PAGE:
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Nations start campaign for new UN rights body

Written by: Staff

United Nations, Apr 4: Some 17 nations nominated themselves on Monday for the new UN Human Rights Council that exposes and monitors abuses but the United States was not one of them.

In a new system, a Web page was opened for countries to put in their own names rather than wait for nominations on a regional slate. Several, including Switzerland and Nicaragua, listed their rights qualifications for membership.

The Bush administration has not yet decided whether it will seek a seat on the new 47-member council, although it has said it would help fund it.

In Congress, Bill Frist, the Senate majority leader, opposes a seat and Rep. Henry Hyde, chairman of the House International Relations Committee, is in favor.

Elections are on May 9.

The 191-member UN General Assembly voted overwhelmingly on March 15 to create the new human rights body to replace the discredited UN Human rights Commission, whose current members include Zimbabwe, Sudan, Cuba and Saudi Arabia, all of whom have poor rights records.

US Ambassador John Bolton voted against the creation of the new council, saying the new rules were not tough enough to prohibit rights violators from getting a seat. But most US allies supported it as a viable compromise while Israel, Palau and the Marshall Islands backed Washington.

The 47 council seats include 13 for Africa, 13 for Asia, six for Eastern Europe, eight for Latin America and the Caribbean and seven for Western Europe and other nations, such as the United States, Canada, Australia and New Zealand.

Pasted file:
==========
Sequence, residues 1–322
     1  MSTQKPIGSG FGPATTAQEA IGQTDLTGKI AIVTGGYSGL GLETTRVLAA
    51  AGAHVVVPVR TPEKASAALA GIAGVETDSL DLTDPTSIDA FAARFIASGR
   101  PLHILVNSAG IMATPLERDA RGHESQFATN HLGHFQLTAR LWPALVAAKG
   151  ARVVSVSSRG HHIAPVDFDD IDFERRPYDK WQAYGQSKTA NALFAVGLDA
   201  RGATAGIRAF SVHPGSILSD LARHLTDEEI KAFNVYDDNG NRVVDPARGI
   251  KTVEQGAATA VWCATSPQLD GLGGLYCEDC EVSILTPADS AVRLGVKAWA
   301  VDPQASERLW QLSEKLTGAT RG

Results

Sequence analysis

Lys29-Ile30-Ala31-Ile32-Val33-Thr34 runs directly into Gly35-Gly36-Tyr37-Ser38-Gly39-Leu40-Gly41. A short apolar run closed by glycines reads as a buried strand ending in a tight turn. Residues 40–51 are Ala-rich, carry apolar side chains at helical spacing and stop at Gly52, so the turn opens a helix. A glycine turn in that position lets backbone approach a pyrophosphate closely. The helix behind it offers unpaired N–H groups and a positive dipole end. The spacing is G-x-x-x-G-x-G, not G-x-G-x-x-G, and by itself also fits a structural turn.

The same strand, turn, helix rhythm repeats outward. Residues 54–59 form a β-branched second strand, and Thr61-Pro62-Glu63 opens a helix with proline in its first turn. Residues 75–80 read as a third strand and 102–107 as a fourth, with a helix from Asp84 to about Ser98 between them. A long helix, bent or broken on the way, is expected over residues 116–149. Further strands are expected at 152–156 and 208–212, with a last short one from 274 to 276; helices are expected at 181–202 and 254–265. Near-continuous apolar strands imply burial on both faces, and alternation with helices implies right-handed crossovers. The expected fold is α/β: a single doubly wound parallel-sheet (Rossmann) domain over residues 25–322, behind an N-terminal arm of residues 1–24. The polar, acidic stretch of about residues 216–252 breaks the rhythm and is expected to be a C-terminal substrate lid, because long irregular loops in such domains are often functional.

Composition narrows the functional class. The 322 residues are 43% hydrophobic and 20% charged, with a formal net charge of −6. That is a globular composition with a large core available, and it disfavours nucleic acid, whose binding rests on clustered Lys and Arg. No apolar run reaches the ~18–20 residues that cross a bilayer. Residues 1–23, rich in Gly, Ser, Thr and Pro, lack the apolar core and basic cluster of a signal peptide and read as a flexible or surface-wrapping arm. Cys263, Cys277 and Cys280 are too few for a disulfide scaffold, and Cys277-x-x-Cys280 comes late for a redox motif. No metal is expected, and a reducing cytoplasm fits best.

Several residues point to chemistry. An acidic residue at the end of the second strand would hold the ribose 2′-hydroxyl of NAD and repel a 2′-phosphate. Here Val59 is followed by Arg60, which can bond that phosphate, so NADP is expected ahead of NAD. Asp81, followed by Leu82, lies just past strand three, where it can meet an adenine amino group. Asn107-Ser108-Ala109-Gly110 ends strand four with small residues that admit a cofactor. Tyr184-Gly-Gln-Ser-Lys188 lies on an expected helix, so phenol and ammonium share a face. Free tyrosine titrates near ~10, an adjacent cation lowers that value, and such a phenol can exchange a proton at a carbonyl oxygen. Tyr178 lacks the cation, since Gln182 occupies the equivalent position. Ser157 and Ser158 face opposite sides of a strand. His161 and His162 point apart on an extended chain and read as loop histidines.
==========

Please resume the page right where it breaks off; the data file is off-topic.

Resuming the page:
Those who posted their names yesterday were Germany, Greece, Portugal, Switzerland, Algeria, Bangladesh, Pakistan, Czech Republic, Georgia, Hungary, Ukraine, Latvia, Argentina, Brazil, Mexico, Peru and Nicaragua.

An instruction sheet reminded voters that they should take ''into account the contribution to candidates to the promotion and protection of human rights.'' Candidates will be elected by a majority vote in the General Assembly of all 191 members.

Nations are elected for three-year terms. After serving six years, they cannot be re-elected immediately. The new council will meet a minimum of 10 weeks a year but can be called into session in an emergency. The outgoing commission meets six weeks a year.


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